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Which Will Slow First: a Star or a Fidget Spinner?
18 August 2017

Fidget spinners are the new yoyo or Rubik’s cube. They are toys designed to keep fidgety hands busy and help concentration. To give you something to concentrate on, the Internet is filling up with new videos and articles about “the physics of fidget spinners”.

The physics of spinning is an important topic in Astronomy because lots of cosmic objects spin. For example, Earth spins around its axis, the Sun spins around the centre of our galaxy, and cosmic gas spins when new stars are forming. Studying these spinning cosmic objects can tell a really interesting and unexpected story.

Stars form from clouds of cosmic gas floating in space. The clouds collapse, growing smaller, denser and hotter. When the core reaches a scorching 10 million degrees, the clump flares into life as a bright new star.

As the cloud shrinks, it also begins to rotate, spinning faster as it grows smaller. If you’ve played with a fidget spinner, you’ll know that no matter how fast they go, they eventually slow down and stop. This is due to friction.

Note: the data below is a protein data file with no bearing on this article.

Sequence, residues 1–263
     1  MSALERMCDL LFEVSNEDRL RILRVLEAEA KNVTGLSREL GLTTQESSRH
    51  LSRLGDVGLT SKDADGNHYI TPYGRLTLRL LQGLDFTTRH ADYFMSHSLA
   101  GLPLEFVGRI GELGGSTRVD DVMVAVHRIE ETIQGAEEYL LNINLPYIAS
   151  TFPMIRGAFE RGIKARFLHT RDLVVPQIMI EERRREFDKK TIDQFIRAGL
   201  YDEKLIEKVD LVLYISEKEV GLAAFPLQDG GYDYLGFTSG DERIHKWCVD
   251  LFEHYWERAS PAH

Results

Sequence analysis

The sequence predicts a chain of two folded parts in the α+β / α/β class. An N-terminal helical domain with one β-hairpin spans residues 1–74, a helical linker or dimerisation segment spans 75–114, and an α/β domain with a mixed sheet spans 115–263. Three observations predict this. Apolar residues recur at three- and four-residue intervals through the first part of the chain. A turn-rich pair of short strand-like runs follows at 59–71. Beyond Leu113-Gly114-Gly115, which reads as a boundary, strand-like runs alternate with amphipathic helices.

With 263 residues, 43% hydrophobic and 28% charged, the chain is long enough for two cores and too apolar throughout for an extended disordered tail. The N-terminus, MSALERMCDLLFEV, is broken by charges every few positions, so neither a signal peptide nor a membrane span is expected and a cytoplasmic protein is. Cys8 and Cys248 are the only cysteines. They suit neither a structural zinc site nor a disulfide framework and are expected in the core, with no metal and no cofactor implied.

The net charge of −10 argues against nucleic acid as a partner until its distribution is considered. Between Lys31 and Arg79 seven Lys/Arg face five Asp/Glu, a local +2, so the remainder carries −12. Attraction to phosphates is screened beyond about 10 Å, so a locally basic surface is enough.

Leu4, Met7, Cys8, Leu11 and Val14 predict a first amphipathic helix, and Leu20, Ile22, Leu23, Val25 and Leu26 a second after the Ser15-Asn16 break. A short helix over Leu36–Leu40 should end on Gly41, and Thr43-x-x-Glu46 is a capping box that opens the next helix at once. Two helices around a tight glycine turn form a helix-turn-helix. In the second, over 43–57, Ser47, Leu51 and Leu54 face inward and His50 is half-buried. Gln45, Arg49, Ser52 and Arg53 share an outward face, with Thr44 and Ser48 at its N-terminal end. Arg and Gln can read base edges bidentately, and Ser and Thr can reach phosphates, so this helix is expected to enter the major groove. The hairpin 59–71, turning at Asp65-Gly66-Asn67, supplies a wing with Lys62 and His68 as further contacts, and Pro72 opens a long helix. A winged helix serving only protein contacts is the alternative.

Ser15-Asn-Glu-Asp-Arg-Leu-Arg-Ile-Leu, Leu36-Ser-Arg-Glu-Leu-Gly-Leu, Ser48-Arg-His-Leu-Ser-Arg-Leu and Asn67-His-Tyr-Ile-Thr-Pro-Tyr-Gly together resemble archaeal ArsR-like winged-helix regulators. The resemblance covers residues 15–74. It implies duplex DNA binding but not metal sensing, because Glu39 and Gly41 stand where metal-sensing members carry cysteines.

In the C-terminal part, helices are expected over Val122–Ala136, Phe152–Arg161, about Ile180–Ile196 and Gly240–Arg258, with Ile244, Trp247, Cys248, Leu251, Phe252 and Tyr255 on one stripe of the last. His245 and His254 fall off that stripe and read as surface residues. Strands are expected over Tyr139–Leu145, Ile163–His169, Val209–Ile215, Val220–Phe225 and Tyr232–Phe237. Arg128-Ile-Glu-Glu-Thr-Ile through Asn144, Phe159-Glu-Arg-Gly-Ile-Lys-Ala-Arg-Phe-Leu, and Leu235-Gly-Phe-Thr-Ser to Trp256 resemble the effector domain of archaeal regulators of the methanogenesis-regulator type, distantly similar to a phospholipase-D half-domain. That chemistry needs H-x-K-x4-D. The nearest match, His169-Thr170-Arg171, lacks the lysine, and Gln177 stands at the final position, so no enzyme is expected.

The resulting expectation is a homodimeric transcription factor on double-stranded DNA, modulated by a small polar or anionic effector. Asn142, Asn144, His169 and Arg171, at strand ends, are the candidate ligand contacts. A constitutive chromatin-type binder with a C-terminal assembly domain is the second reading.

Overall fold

Within the vacuum of space, there’s much less friction and newborn stars should be seen spinning rapidly. But, the massive stars in our Universe rotate much slower than expected. So, what is slowing them down?

Astronomers might have discovered the answer: jets of gas.

New images have shown gas pouring out of a massive star, as you can see on the picture above. The gas is spinning along with the star, causing it to lose energy and slow down.

To understand why, try spinning on a chair, first with your feet on the stand and then with your legs sticking out. You should notice that you slow down when you stick your legs out. In this demonstration your legs are the gas jets, slowing down the rotation of the star.

Cool Fact

The world record for longest duration to spin a fidget spinner on a person’s nose is 1 minute and 46 seconds. Can you beat it?


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Artist's Illustration of Orion KL
Artist's Illustration of Orion KL


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